Legal Thoughts by Thomas A Morton

caring, family law attorney in Phoenix, AZ

The Arizona Court of Appeals has recently reminded Superior Court judges that they must make their own findings and make their own decisions in physical custody (parenting time) cases. In a case known as Nold v. Nold, the father moved out of the family home early in the proceedings. Prior to trial, the parties’ children lived equally with both parents. However, at trial the mother took the position that the children should live primarily with her during the school year and equally with both parents during the summer. The father asked the trial court to order that the children continue to reside equally with both parents. The trial court appointed a custody evaluator who recommended that the children live primarily…
Friday, 06 December 2013 13:53

Children Flying Alone

Children commonly visit parents and family members in other states, especially around Christmas and Thanksgiving. Sometimes the children fly to other states. However, many families just cannot afford for a parent to accompany the child on the flight. So, what are the laws and rules regarding when children can fly alone? Every airline has its own rules about allowing children to fly by themselves. Each airline has its own age restrictions. No major airline allows children less than five years of age to fly alone. Between the ages of five and seven years, many airlines require enrollment in a special unaccompanied minors program and prohibit travel on anything but direct flights. Children aged eight to 14 years are usually unrestricted,…
With rising student loan debt and diminishing income and job opportunities for college graduates, many people with student loan debt are seeking discharge of their student loan debt. Discharging your student loan debt in bankruptcy is difficult, and I have heard many people, including attorneys, that you cannot discharge student loans in bankruptcy. However, an exception exists and the 9 Circuit Court of Appeals (Arizona is in the 9 Circuit) has issued a decision in recent years laying out what a debtor needs to do to discharge his or her student loans in bankruptcy. I have also heard from various sources that debtors successfully discharge their student loans about 40% of the time when they try. This may not sound…
Saturday, 23 November 2013 16:21

Spousal Maintenance and Alimony Basics

Most divorcing couples in Arizona only have a vague understanding about spousal maintenance (also known as alimony). Most people think that spousal maintenance means that the former husband must continue to support the former wife indefinitely. That is the result sometimes, but there are many different results and variations in a spousal maintenance case. The State of Arizona has enacted specific statutes to guide judges and divorcing couples regarding spousal maintenance. Arizona’s Spousal Maintenance Statutes The court must first determine whether a spouse seeking spousal maintenance is entitled to an award of spousal maintenance. In making this determination, the court will examine whether the spouse seeking spousal maintenance meets the following factors: 1. Lacks sufficient property, including property apportioned to…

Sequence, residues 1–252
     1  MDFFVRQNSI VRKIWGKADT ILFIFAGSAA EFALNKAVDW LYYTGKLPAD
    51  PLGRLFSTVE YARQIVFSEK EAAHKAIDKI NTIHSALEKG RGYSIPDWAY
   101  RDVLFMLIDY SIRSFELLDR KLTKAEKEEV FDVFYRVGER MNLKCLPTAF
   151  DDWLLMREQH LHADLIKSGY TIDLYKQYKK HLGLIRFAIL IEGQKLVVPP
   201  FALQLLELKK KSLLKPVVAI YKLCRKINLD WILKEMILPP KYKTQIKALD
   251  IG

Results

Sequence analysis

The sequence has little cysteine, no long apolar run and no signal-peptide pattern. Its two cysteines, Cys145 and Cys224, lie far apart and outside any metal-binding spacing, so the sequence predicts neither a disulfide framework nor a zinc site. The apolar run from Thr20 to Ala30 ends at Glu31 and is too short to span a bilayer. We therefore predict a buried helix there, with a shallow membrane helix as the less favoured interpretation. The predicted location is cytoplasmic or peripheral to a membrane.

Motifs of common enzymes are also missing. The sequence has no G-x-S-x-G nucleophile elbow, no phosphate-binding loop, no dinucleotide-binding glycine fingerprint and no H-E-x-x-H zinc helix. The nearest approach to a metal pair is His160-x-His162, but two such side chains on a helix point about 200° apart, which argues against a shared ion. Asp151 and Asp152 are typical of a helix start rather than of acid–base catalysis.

Saturday, 16 November 2013 20:16

What Happens to Real Estate in a Divorce?

What happens to jointly-held property, specifically real estate, when a married couple divorces in Arizona? It depends on what the divorce decree says, but first, let’s look at different ways couples hold joint property. They can hold property in joint tenancy, which means that each spouse holds an undivided one-half interest in the property and that, if one spouse dies, the other spouse owns the property: the deceased spouse cannot leave the property to someone else in a will. A married couple can also hold property as community property, which means that the marital community owns the property and if one spouse dies, the other spouse owns the property, like in a joint tenancy. Finally, a married couple can own…
What is the difference between guardianship and adoption? There are two key differences that have far-reaching consequences. First, adoption is permanent and guardianship is not quite permanent (even when called "permanent"). Second, in an adoption the birth parents become legal strangers to the child while the adoptive parents become the legal parents as if they had given birth to the child. In a guardianship, the birth parents still have parental rights and the guardian or guardians are not considered the child’s parents. Legal Status and Decision Making In an adoption, the birth parents have no rights or responsibilities. The adoptive parents have all rights and responsibilities that once belonged to the birth parents. For example, if the adoptive parents divorce,…
Some appellate decisions just warm my heart. The Arizona Court of Appeals recently issued such a decision, Calvin B. v. Brittany B., and ruled against one of the most despicable types of parent: one who does everything he or she can do to limit, control, and even eliminate the other parent’s relationship with their child. Calvin and Brittany divorced when their son was very young. They agreed to an arrangement wherein Brittany would have sole legal and physical custody of their son, but Calvin would have "liberal" parenting time as the parties agreed. Brittany then proceeded to limit Calvin’s contact with their son. As a result, Calvin sought the court’s help in securing more time with him. Over the course…
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Thomas A. Morton, P. L. L. C.
2916 N. 7th Avenue, Suite 100
Phoenix, Arizona 85013
(602) 595-6870

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